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Wednesday, 22 June 2011

Engineering Open House

Twitter’s engineering team is growing quickly. Two-thirds of our engineers were hired in the last 12 months. Those engineers joined us from cities and countries around the world and from companies of various sizes.

As part of our effort to find and hire great people to build great products and solve complicated problems, last Thursday we invited several dozen engineers to Twitter HQ for our first engineering open house. Presentations from @wfarner, @michibusch, @mracus and @esbie showcased the depth and range of the effort required to present to the world. The topics covered some of these key areas for development:

  • Dynamic deployment and resource management with Mesos - @wfarner

    Using Mesos as a platform, we have built a private cloud system on which we hope to eventually run most, if not all, of our services. We expect this to simplify deployment and improve the reliability of our systems, while making more efficient use of our compute resources.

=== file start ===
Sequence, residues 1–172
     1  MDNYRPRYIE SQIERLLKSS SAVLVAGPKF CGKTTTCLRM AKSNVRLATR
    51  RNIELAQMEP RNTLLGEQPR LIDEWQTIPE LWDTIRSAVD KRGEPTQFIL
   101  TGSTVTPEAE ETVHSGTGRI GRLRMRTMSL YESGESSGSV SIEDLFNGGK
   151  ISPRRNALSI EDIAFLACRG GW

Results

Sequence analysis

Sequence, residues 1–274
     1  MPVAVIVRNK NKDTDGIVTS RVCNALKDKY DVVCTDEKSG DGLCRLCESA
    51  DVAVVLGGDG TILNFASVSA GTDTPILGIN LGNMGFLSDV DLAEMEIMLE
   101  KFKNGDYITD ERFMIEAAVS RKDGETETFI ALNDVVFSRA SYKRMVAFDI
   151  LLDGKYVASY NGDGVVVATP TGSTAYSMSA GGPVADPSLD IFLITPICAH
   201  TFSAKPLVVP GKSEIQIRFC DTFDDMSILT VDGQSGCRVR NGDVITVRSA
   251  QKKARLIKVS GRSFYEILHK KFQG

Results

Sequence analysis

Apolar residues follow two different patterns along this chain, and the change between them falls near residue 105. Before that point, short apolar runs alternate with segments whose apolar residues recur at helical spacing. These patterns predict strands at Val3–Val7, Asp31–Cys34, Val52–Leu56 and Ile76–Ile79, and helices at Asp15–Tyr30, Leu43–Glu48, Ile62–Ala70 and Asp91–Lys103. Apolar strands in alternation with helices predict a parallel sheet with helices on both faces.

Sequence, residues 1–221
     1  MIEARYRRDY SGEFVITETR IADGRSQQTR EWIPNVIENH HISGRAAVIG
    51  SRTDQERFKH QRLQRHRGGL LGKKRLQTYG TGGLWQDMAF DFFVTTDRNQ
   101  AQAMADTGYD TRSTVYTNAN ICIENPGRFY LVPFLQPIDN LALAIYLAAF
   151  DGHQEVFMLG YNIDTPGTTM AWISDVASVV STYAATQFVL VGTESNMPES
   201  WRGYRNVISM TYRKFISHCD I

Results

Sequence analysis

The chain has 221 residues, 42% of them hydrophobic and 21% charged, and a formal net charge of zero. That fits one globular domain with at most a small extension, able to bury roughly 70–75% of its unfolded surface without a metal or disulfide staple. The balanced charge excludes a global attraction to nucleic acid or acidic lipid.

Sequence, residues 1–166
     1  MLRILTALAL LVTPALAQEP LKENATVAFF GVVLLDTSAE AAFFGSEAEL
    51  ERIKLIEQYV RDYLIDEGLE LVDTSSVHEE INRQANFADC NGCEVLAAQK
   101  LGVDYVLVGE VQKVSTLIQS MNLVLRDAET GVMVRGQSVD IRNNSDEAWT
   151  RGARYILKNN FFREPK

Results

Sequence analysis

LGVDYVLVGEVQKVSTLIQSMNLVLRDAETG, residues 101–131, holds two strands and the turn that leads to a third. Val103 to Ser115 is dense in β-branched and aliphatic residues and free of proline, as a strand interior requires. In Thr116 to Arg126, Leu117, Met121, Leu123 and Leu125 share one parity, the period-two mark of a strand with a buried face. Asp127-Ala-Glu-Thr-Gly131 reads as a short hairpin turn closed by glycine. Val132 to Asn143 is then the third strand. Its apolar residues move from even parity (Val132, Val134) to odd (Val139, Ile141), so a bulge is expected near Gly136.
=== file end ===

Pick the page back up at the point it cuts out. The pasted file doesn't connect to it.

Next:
• Real-time search at Twitter - @michibusch

    Since 2008, Twitter has made dramatic enhancements to our real-time search engine, scaling it from 200 QPS to 18,000 QPS. At the core of our infrastructure is Earlybird, a version of Lucene modified for real-time search. This work, combined with other key infrastructure components, led to our recent revamp of the search experience and will enable future innovation in real-time search.

  • The client-side architecture of #NewTwitter- @mracus and @esbie

    Client-side applications for desktop and mobile environments have access to a class of well-rounded tools and framework components that aren’t as yet widely available for the browser. Therefore, a fully in-browser app like #NewTwitter requires investment in solid architecture in order to remain clean and extensible as it grows. At Twitter, we’re constantly iterating on the in-house and open source JavaScript tools we use to address this need.

This was Twitter’s first engineering open house, but it certainly won’t be our last. We plan to hold these regularly - every couple months or so. In the meantime, if you’re interested in keeping up with our engineering team, you can follow @twittereng or check out our jobs page.

- Mike Abbott (@mabb0tt), VP Engineering